‘It’s going to make me better’: Pepi welcoming competition with Balogun

Nobody could blame Ricardo Pepi if he was less enthused about the arrival of fellow striker Folarin Balogun than just about anyone else connected to the United States men’s national team.

Less than two years ago, Pepi was the coveted dual citizen U.S. supporters were breathlessly following, the prolific young forward U.S. fans were hoping would choose the stars and stripes — which Pepi did over Mexico in August 2021. The teenager then almost immediately exploded onto the international scene, with his scoring heroics in qualifying matches for the 2022 FIFA World Cup in Qatar helping the Americans qualify for the biggest event in sports for the first time in eight years.

However, Pepi would watch the main event from his couch. After struggling to settle with Augsburg of the German Bundesliga following a $20 million transfer from FC Dallas, then U.S. coach Gregg Berhalter left Pepi off his final 26-man World Cup roster, despite the youngster’s impressive rebound while on loan with Dutch club Groningen. Pepi eventually shook off the heartbreak, finishing his first full campaign in Europe with 12 goals in 29 Eredivisie appearances. 

“It was a hard season, a rollercoaster,” Pepi, now 20, said this week. “I grew as a person on and off the pitch.”

Pepi’s reemergence earned a recall to the USMNT for two CONCACAF Nations League games in March. He promptly scored in each, including the only goal in a 1-0 victory against El Salvador that set up next week’s semifinal against rival Mexico in Las Vegas.

And Pepi would be a lineup shoo-in against El Tri if not for Balogun, the 21-year-old Arsenal prospect who scored 21 goals last season on loan to French club Reims — and who, with great fanfare, last month switched his international allegiance from England to the U.S.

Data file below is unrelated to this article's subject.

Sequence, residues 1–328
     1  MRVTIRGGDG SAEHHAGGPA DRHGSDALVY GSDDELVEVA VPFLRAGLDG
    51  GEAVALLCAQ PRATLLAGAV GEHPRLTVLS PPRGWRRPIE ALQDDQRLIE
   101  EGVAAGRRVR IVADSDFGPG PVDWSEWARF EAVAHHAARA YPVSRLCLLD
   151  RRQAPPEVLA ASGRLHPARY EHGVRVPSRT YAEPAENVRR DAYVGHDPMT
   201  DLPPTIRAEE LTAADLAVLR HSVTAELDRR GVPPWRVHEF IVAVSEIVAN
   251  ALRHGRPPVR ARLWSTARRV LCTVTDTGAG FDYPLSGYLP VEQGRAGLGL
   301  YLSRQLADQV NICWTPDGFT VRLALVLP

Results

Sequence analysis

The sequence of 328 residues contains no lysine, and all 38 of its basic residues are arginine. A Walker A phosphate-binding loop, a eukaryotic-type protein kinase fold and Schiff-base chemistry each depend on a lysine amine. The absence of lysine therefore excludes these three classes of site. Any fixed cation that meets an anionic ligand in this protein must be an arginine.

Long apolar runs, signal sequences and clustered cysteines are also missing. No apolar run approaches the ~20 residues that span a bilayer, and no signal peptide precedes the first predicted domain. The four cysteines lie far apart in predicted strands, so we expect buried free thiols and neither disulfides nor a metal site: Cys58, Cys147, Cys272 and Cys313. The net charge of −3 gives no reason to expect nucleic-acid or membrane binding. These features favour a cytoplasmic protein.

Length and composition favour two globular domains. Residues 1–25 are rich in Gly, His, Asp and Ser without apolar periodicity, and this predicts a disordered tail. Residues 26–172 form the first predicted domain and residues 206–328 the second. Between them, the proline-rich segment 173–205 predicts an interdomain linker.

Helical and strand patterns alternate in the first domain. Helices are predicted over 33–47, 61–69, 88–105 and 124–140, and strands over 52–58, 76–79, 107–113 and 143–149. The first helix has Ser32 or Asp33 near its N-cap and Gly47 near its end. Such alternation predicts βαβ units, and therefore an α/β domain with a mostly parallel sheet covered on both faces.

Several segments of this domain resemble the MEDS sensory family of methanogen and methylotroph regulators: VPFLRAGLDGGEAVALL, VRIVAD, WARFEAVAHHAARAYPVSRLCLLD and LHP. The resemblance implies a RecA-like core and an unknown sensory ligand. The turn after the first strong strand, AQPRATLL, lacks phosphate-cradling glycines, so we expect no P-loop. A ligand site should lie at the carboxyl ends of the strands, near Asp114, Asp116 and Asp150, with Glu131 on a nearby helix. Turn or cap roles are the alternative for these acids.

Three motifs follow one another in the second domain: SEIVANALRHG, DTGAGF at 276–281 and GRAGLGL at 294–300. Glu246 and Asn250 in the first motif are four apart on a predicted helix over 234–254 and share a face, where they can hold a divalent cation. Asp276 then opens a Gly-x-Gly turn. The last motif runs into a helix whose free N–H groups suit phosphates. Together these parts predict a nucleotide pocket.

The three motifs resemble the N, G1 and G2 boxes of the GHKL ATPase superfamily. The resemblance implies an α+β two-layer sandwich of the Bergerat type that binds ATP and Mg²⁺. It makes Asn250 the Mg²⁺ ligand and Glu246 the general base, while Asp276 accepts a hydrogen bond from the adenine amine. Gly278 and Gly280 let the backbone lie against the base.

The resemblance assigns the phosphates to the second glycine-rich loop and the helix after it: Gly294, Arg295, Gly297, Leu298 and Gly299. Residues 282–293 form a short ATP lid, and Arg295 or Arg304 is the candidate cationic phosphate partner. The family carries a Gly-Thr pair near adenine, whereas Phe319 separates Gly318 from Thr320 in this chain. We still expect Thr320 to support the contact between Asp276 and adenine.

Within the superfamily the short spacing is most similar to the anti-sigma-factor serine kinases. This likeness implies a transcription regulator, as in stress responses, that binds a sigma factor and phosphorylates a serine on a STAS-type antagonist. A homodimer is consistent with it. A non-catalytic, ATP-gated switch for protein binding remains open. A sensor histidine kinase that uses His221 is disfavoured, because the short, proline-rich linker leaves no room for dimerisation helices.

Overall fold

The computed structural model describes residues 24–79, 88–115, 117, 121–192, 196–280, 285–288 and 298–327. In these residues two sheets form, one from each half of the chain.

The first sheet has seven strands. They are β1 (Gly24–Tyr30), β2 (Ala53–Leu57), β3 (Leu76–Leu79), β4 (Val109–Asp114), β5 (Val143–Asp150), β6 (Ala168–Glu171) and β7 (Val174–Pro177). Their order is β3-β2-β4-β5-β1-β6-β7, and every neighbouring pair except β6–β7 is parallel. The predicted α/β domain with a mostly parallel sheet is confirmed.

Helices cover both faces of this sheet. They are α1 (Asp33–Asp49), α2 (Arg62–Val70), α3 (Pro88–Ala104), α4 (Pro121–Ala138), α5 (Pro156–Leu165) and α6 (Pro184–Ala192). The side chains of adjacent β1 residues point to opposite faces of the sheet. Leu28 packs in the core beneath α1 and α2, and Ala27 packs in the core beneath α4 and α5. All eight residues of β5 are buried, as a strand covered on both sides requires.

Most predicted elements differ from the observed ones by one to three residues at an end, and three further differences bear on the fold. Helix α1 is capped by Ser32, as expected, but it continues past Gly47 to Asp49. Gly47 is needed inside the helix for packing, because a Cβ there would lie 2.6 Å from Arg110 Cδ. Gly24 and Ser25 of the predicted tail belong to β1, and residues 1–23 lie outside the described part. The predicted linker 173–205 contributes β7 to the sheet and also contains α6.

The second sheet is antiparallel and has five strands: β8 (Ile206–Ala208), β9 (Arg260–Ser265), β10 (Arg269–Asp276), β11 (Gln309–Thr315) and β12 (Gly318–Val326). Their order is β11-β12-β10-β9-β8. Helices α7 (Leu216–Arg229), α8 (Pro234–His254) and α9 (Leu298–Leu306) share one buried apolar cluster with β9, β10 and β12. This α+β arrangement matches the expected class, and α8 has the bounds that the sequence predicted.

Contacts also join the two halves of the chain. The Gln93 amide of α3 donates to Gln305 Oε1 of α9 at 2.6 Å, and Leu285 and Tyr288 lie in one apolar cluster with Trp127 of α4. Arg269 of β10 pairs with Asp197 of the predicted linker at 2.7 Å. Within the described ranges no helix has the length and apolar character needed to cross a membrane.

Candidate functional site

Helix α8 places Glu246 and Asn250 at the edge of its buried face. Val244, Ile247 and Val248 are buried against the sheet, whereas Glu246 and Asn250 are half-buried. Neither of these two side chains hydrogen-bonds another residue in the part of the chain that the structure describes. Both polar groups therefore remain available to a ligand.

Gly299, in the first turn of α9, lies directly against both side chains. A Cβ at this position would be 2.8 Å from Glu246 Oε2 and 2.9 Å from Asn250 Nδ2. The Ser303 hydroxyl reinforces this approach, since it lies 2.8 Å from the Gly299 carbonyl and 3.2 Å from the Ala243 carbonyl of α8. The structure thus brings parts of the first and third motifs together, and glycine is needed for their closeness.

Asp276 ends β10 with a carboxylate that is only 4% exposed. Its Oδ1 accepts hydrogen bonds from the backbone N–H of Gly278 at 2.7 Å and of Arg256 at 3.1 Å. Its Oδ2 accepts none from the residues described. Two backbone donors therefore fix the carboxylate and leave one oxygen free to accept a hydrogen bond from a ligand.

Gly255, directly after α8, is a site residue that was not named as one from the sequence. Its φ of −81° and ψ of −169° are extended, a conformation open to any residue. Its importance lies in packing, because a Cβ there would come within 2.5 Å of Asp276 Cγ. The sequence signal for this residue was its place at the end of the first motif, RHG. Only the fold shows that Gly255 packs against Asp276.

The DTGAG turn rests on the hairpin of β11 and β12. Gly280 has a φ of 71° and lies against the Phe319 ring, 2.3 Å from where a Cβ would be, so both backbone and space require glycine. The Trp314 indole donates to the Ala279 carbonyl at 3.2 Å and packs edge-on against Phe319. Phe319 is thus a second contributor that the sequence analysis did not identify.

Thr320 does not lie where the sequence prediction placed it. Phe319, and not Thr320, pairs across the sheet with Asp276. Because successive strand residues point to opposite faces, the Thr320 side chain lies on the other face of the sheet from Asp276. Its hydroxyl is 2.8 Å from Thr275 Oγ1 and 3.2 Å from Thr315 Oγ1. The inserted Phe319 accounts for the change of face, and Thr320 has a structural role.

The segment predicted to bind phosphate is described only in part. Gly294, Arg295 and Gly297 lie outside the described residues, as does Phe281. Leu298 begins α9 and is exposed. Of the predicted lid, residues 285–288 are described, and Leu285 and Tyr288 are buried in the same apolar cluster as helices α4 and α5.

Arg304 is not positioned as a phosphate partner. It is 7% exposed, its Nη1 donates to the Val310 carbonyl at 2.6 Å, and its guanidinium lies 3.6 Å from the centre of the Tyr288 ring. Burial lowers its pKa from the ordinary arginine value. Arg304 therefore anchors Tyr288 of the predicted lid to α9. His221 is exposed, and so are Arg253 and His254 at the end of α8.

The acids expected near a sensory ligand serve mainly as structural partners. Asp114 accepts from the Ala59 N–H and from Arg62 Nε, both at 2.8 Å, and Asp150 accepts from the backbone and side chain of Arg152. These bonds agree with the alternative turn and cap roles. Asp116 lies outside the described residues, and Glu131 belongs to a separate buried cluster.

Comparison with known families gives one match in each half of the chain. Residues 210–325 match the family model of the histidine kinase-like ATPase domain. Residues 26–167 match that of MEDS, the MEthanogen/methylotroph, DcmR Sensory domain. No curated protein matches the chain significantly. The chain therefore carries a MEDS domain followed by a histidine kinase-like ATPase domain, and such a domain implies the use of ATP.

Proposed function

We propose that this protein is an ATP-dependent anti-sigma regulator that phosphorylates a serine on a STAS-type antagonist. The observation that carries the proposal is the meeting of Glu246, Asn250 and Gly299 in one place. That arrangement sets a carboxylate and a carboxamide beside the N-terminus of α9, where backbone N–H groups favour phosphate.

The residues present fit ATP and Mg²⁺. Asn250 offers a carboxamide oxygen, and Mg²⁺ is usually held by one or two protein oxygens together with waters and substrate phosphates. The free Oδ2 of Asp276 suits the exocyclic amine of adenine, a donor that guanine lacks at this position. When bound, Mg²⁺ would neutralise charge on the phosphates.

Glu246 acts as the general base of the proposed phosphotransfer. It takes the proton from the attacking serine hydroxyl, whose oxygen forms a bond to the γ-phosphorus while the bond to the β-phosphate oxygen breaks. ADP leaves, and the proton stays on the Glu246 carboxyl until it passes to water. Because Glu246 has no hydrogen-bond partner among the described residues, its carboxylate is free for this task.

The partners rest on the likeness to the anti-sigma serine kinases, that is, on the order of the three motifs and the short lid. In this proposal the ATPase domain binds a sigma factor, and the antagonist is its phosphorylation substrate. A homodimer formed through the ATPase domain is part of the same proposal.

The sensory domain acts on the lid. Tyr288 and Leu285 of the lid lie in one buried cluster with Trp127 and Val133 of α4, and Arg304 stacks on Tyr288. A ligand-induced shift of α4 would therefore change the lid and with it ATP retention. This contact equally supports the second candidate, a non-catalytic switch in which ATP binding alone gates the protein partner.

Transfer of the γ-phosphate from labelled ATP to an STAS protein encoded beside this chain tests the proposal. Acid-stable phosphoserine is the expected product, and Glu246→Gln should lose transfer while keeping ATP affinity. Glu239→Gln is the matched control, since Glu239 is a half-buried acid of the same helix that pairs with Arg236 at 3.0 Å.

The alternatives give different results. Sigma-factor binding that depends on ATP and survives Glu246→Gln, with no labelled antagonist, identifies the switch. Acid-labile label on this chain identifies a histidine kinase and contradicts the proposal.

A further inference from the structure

[USMNT might finally have answer to striker problem in Folarin Balogun]

Either way, with World Cup strikers Jesus Ferreira, Josh Sargent and Haji Wright all either hurt or overlooked this month, the role will be filled by Pepi or Balogun.

“It’s going to make me better, I’m going to make him better,” Pepi said of his battle with Balogun. “He’s a good guy and on the pitch, we’re a team. We’re always trying to compete against each other. A lot of players here have competition in their own spots.”

That the U.S.’s next game is against Mexico adds even more motivation. Pepi’s strong ties to his parents’ birth nation only makes him extra desperate to start, as he did in both meetings with El Tri during the last World Cup qualifying cycle. 

For him, this isn’t just any match.

“My family is Mexican, of course, so being in that game is going to be really special for me,” Pepi said. “Even my family in Mexico, they’re always supporting me. … Obviously for this game they’re going for the U.S.”

While friendly matches between these foes often resemble street fights, the stakes of this U.S.-Mexico contest are enormous. If the Americans are to defend the Nations League title they won in 2021, they must win. The intensity will be insane. Interim coach B.J. Callaghan could opt for the incumbent goalscorer who already boasts familiarity with his teammates. Or will he immediately throw Balogun, who was among the top scorers in Europe’s Big Five leagues last year, straight into the fray?

It’s possible, of course, that both Pepi and Balogun could start, though not overly likely. Even in different formations, the U.S. has used a one-striker setup almost exclusively over the last four-plus years. Callaghan — an assistant coach under Berhalter and Anthony Hudson, his predecessor in the interim role — has vowed not to make drastic changes to the Americans’ system. 

“Whether we play with one striker or two, it’s all up to the coach,” Pepi said. 

If it’s the former, whoever begins the game on the bench could be needed as a game-changing substitute if the hosts are chasing late. Having two red-hot strikers vying to prove their worth is a welcome change for a program that has lacked adequate scoring depth up top for decades.

“When you have competition like that,” U.S. goalkeeper Matt Turner said, “it just elevates everyone’s game.”

“He’s a player who’s had a good season, I’m a player who’s had a good season,” Pepi said of Balogun. “We both want the starting spot. And we’re always going to be competing in a healthy way.”

Doug McIntyre is a soccer writer for FOX Sports. Before joining FOX Sports in 2021, he was a staff writer with ESPN and Yahoo Sports and he has covered United States men’s and women’s national teams at multiple FIFA World Cups. Follow him on Twitter @ByDougMcIntyre.

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Ricardo Pepi

Folarin Balogun

United States

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